24/05/2012 11:40 BST | Updated 23/07/2012 06:12 BST

Amazon Kindle and E-Books at Waterstone's - A Sign of the End Times for Paper Books?

E-readers on the shelves at Waterstone's? Head for the hills, lovers of real books! Do not turn back, lest thee be turned into a pillar of salt.

E-readers on the shelves at Waterstone's? Head for the hills, lovers of real books! Do not turn back, lest thee be turned into a pillar of salt.

OK, enough of my mock gravitas and Biblical allusions, though judging by the outrage across the blogosphere this week, many British bibliophiles fear that their beloved hard and paperbacks are doomed by the appearance of Amazon's Kindle e-reader on the shelves of Waterstone's. Or should I write "Waterstones", as the chain recently (and controversially) removed the apostrophe from its name for search engine optimisation purposes, drawing the ire of the Apostrophe Society, which, I have to say, is one of my favourite associations, along with Monty Python's Royal Society for Putting Things on Top of Other Things.

Despite the uproar, it's not like Waterstone's - yes, like the Apostrophe Society, I refuse to validate the punctuation obliteration - is new to selling e-books. In fact, electronic versions have been outselling hardbacks four to one on its website for quite some time. The move to introduce the Kindle into stores does, though, represent a volte-face for Waterstone's head honcho James Daunt, who once called Amazon "a ruthless, moneymaking devil."

So what changed Mr. Daunt's anti-Amazon stance? One assumes that, like the chief of any company, he wants to increase profits rather than decrease them. Business basics, right? So perhaps he figures that by bringing Kindle power users into Waterstone's, the chain's employees can engage these potential customers and convince them to make in-store purchases. Rolling out free wi-fi is to each shop will not just attract those who want to download books, but also e-commuters and others who want to use their wi-fi only tablets and laptops in a quiet location. This has worked well for Barnes & Noble in the US, which has also added Starbucks coffee to its list of wares to temp would-be book buyers. There must be some measure of pragmatism behind Daunt's decision.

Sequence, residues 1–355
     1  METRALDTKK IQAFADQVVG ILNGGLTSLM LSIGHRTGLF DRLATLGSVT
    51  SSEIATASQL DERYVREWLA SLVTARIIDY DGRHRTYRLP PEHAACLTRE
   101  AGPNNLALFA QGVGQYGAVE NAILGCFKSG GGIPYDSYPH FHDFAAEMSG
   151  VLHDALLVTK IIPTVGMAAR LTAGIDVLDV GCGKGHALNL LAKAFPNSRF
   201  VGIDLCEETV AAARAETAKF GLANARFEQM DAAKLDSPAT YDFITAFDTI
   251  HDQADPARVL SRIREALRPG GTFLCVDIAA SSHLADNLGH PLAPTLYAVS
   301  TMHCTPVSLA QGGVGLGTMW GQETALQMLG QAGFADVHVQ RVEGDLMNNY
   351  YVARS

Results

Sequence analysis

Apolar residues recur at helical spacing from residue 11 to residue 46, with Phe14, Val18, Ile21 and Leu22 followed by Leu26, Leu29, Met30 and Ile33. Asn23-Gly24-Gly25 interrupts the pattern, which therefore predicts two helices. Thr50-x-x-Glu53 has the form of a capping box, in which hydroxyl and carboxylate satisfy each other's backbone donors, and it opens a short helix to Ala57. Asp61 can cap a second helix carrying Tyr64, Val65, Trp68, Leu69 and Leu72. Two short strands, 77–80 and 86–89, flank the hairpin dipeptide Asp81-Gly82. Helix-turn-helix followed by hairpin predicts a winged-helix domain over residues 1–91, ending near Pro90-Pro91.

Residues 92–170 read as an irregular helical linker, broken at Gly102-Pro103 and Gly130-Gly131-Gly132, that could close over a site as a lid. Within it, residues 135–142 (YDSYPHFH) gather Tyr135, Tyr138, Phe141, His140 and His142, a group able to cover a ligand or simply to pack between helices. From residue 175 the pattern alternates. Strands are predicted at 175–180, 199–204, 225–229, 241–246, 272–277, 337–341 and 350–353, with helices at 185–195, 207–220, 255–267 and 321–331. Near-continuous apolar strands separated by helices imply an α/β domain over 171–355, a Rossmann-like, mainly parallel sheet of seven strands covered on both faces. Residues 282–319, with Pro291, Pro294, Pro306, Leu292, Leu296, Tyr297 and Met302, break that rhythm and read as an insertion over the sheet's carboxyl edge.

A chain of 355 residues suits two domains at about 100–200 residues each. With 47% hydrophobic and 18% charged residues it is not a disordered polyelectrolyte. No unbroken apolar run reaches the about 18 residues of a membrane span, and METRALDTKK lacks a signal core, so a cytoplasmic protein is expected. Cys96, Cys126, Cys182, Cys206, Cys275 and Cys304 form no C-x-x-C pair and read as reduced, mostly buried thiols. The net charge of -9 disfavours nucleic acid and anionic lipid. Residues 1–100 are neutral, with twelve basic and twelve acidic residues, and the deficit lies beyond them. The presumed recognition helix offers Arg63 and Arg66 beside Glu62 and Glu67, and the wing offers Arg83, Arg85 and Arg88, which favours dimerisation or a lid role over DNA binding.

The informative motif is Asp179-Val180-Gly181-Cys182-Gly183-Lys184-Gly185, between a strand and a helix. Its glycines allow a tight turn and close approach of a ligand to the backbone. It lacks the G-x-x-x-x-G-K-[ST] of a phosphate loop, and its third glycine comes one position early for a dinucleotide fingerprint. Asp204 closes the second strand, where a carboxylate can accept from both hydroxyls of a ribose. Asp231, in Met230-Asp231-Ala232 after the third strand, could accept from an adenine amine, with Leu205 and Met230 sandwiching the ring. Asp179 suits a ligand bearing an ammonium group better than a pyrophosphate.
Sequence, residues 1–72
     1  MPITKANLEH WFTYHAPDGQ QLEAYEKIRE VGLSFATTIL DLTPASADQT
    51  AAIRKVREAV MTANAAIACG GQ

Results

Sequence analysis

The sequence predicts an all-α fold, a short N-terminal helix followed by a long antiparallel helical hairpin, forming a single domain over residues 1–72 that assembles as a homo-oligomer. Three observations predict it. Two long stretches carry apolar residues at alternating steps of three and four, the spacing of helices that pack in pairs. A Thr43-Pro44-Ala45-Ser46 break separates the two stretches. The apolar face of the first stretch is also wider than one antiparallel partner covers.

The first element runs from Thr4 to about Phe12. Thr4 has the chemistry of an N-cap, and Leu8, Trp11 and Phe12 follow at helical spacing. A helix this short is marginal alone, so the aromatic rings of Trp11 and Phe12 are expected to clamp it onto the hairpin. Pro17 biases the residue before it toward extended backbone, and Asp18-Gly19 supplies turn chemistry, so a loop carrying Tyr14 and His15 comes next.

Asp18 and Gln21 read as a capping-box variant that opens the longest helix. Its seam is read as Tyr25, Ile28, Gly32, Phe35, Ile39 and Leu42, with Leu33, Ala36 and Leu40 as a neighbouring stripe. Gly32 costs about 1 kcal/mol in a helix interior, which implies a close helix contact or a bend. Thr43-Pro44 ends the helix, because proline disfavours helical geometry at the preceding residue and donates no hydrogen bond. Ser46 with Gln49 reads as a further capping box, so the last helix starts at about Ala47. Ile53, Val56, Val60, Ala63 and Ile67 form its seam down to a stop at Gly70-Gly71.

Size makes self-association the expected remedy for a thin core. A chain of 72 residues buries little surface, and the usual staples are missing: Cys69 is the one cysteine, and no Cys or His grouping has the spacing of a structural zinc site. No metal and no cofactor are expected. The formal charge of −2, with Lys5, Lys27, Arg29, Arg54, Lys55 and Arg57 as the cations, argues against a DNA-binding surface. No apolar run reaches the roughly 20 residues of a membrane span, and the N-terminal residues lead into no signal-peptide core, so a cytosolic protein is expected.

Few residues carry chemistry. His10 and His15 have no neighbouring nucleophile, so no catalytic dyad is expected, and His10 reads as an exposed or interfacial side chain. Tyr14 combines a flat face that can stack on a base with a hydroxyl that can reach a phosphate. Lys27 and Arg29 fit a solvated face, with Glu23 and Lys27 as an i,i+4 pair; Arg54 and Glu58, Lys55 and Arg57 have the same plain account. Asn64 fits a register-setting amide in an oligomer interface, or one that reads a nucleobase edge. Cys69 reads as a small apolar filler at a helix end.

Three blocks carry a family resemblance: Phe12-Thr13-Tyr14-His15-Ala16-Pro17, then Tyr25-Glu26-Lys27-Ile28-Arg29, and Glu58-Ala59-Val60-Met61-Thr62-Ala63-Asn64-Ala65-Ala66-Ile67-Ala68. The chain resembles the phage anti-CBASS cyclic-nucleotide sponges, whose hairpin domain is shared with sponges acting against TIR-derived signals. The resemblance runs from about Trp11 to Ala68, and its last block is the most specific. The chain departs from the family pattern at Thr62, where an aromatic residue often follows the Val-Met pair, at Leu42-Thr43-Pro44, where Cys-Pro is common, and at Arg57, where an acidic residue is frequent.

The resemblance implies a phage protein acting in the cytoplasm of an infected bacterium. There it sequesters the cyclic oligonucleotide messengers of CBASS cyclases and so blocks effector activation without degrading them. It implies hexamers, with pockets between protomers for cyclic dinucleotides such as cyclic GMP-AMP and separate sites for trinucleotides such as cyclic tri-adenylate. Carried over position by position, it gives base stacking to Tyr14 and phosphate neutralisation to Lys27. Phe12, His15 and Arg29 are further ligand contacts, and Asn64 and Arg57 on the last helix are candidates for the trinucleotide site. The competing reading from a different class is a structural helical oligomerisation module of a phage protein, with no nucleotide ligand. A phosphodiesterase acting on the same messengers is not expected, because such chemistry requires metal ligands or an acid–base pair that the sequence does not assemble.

The next point to consider is the myth that e-books are "bad for authors," as many writers have claimed. In fact, a standard publishing contract in the US entitles an author to between 20 and 25 percent of the sales price, rather than the sliding scale on hardbacks that typically runs between 10 and 12.5 percent. Of course, royalties don't kick in until the individual sells enough copies to balance out whatever advance they received, and the e-book price is typically lower than its hardback equivalent. But still, the royalty amount per copy on a hot title such as Hilary Mantel's Bring Up the Bodies - currently £11.99 for the e-book and £11.60 for the hardback on - can be greater for the electronic version. And for authors, any unit moved is one more step toward getting into royalty territory and, hopefully, exceeding the publisher's expectations to the point that the next deal will be more lucrative.

Furthermore, the presence of Kindle devices and the ability to download e-books at Waterstone's is not going to dissuade dedicated traditionalists from purchasing a physical copy. True, e-books don't take up shelf space, are more convenient for traveling and make it easy to pinpoint a certain word or phrase. But reading on an electronic device fundamentally alters the relationship between the reader and their books. Yes, you can add "notes" by typing them into the Kindle, iPad or other tablet, or highlight favourite passages, but it's not the same as adding your own hand-scrawled marginalia to a beloved, oft-referred-to volume. And while Amazon and others have enabled digital "lending" for e-books, it will never be a valid substitute for pushing a book into the hands of an unsuspecting friend and telling them, "You have to read this." To say nothing of the cathartic process of wandering aimlessly for an hour among the shelves at a used, independent and, in some cases, chain bookstore, where, heaven forbid, the employees actually know something about what they're selling and can make intelligent suggestions that aren't based on algorithms. Thankfully, the presence of the Kindle at Waterstone's will not remove this particular pleasure for out-of-step, hardback- buying fogies like me, assuming that the chain can avoid the grim fate of Borders.